Virginia “Ginny” Hellenga died on August 3, 2022 in Knoxville, Illinois at age 79.
Virginia was born in LaPorte, Indiana on April 22, 1943 to John Ted and Hazel Minnie (Clifford) Killion. She grew up in Battle Creek, Michigan, and after graduating from Battle Creek High School studied at the University of Michigan, where she met her husband, Robert. After a year studying in Ireland, Virginia finished her undergraduate degree at the University of North Carolina. She juggled motherhood and career to complete her Master’s Degree in Classics at Loyola University, commuting to Chicago every week while living in Galesburg with her husband and three daughters. She later received her teaching certificate from Knox College.
A poet and a scholar, Virginia was happiest when she was in the classroom. She was an influential Latin teacher who brought new life to classics departments throughout Illinois. She inspired her students to become their best selves during her teaching career at Carl Sandburg College in Galesburg, Trinity High School in River Forest, Monmouth High School, Monmouth College and Galesburg District 205.
In recognition of Virginia’s contributions, Monmouth College renamed their Latin award the “Virginia K. Hellenga award for Excellence in Latin.” After retiring from Monmouth College, Virginia became a beloved substitute teacher in Galesburg. She cared deeply about her students and brought positivity to them in challenging times. One student summed this up by saying, “She always put a smile on my face when I walked into class and saw her.”
Virginia often posted poems and quotes in her classroom, including a Goethe quote that epitomized how she celebrated everyone in her sphere:
“If we treat people as if they were what they ought to be, we help them become what they are capable of becoming.”
She had a letter posted on the wall from a former student who wrote about how Mom had changed her life, sharing this quote from Marianne Williamson:
“It is our light, not our darkness that most frightens us. We ask ourselves, who am I to be brilliant, gorgeous, talented, fabulous? Actually, who are you not to be?”
Mom believed everyone was radiantly beautiful and full of endless potential. She was a free spirit, and a source of support and encouragement to everyone around her, whether she was noticing their good qualities, celebrating their achievements, or thanking them for their good deeds. She did not accept limits based on gender. In our house, Dad was the cook, and Mom was the one you went to when you needed to rewire a lamp. She considered duct tape, WD-40 and a good pair of scissors to be as essential as food and water.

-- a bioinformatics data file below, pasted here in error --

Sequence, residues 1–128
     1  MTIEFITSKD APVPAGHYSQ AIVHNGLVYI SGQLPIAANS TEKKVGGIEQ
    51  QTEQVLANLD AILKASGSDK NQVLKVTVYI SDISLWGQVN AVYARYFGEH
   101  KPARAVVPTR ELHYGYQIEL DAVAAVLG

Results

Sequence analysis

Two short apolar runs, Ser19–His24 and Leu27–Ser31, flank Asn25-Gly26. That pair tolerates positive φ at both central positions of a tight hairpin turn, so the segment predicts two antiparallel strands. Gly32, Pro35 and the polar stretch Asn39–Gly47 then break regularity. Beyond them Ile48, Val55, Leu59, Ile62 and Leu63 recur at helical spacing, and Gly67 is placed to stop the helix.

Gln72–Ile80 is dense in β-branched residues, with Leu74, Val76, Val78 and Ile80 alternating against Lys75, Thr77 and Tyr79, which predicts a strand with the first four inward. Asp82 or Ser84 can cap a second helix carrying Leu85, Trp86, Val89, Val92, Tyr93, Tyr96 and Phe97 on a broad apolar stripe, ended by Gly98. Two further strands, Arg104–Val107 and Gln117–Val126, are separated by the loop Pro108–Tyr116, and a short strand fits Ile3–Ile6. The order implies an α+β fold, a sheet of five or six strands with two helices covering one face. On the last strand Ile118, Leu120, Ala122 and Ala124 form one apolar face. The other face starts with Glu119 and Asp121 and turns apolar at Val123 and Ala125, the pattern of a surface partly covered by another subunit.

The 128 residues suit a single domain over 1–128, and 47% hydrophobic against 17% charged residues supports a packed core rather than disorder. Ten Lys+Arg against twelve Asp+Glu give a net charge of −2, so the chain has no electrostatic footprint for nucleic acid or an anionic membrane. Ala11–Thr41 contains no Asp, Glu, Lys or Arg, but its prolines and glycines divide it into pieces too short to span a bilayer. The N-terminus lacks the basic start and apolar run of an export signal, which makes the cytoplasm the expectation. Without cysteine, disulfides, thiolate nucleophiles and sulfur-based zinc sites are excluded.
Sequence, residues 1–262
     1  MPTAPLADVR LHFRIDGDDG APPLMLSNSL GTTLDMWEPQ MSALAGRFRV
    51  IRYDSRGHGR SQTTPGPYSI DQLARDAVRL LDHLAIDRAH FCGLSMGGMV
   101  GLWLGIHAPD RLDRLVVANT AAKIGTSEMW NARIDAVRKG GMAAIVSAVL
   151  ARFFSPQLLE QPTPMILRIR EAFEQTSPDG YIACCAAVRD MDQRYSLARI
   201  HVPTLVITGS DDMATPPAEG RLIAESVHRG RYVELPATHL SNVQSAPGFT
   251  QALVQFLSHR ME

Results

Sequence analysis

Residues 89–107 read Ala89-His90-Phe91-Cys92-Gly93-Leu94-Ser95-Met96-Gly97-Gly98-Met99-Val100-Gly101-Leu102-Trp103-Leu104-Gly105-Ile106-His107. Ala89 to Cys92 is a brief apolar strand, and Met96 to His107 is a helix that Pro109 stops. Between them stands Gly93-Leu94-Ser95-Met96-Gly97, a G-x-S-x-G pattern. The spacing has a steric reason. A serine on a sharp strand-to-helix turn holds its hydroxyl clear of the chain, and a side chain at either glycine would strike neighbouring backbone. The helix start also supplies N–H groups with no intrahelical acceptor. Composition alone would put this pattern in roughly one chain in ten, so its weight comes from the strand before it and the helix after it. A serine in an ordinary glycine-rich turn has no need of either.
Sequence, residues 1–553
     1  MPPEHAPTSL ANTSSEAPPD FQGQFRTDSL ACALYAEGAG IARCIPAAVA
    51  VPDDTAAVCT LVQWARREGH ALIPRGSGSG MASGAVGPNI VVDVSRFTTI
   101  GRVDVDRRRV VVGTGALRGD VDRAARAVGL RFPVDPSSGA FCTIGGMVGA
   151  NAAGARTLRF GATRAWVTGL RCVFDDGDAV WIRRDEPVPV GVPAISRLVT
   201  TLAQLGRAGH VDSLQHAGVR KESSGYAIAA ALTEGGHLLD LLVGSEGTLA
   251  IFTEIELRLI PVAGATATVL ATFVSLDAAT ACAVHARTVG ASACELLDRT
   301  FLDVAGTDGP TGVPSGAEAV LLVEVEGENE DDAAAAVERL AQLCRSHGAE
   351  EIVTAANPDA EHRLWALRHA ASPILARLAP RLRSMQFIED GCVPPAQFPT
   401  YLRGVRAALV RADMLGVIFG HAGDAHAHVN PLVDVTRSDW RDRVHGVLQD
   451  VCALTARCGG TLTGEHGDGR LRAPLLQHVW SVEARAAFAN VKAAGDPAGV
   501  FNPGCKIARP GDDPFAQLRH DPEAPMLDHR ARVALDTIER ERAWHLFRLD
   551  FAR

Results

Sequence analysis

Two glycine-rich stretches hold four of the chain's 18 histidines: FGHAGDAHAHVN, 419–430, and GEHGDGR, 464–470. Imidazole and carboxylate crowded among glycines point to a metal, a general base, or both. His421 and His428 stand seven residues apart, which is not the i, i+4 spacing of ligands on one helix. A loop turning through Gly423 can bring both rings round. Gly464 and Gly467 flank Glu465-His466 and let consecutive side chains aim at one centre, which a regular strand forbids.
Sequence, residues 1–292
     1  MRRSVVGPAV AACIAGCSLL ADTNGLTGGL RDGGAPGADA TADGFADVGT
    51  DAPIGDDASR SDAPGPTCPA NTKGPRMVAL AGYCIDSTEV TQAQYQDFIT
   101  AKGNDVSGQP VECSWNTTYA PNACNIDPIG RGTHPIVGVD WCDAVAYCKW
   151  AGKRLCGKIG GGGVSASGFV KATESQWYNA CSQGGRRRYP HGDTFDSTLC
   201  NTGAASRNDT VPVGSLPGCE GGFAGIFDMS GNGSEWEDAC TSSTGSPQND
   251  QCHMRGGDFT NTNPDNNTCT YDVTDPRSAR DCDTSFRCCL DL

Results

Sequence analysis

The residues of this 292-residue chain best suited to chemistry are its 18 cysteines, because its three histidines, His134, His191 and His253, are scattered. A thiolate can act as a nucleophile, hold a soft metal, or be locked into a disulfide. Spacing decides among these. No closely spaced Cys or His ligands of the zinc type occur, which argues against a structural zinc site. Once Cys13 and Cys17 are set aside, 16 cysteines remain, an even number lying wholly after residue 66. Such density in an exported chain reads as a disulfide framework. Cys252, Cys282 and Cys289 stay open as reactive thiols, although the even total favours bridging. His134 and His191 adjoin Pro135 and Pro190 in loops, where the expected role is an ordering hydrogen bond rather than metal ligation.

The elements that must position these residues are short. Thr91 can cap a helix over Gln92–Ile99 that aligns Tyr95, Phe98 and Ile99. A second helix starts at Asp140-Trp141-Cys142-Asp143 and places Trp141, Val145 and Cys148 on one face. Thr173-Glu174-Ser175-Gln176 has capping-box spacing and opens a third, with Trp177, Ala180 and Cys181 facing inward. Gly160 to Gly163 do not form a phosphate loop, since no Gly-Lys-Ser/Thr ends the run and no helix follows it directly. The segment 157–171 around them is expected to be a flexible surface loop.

As her daughters, we want to talk openly about Mom’s bipolar disorder. Mom gave us the book: An Unquiet Mind about living with bipolar disorder. The epilogue sums up what Mom wanted us to understand:
“I honestly believe that as a result of it I have felt more things, more deeply; had more experiences, more intensely; loved more, and been more loved; laughed more often for having cried more often; appreciated it—and life—more; seen the finest and the most terrible in people. But, normal or manic, I have run faster, thought faster, and loved faster than most I know. And I think much of this is related to my illness—the intensity it gives to things.”
Everything around Mom was more vibrant, more spectacular, more intense, contrasted with darker, painful moments, too: bipolar episodes which caused great suffering. Through the light and the darkness, however, she gave us her unconditional love, allowed us freedom to grow, and always expressed her faith and confidence in us.
So, let us celebrate 79 years of an influential woman who made positive changes in many students’, friends’, and families’ lives. Her greatest legacy can be found in the people she encouraged to recognize their own beauty, power, and self-worth. The words of poet Mary Oliver capture Mom’s life message:
“Doesn’t everything die at last, and too soon? Tell me, what is it you plan to do with your one wild and precious life?”
When she wasn’t teaching, Virginia enjoyed biking on country roads, studying classics, exploring New Age philosophy, translating favorite short stories from Italian to English, and spending time with her grandchildren.
She married Robert Hellenga on August 31, 1963 in Battle Creek Michigan. He preceded her in death after 57 years of marriage on July 18, 2020.
Virginia is survived by her three daughters, Rachel Hellenga (Ben Good) of Elmhurst, IL; Heather Hellenga (Tom Colclasure), of Galesburg, IL; and Caitrine Hellenga (Tim Barker) of Orlando, FL, her grandchildren Harper Lee (Joshua) Lorentzson, Jackson Colclasure, both of Galesburg, and Braxton Farr of Elmhurst, IL. Virginia is also survived by her brothers Mead Killion (Gail Gudmundsen) of Elk Grove Village, IL and Whitewater, WI and David (Joan) Killion of Ludington, MI, as well as several nieces and nephews.
Her bright spirit is now free.
We would like to thank the caregivers who meant so much to Mom, especially Rebecca and Stephanie, who gave her daily support and friendship and the extraordinary staff in Betty’s Garden at Courtyard Estates, who created a home away from home. In her last years, our mom benefitted greatly from the services of Western Illinois Home Health, Courtyard Estates of Knoxville, and Hospice Compassus.
Virginia has donated her body to science, and services will be held at a later date. Memorials may be made to Classics Day at Monmouth College. These gifts in her memory can be mailed to the Monmouth College Development Office, 700 E. Broadway, Monmouth, IL 61642.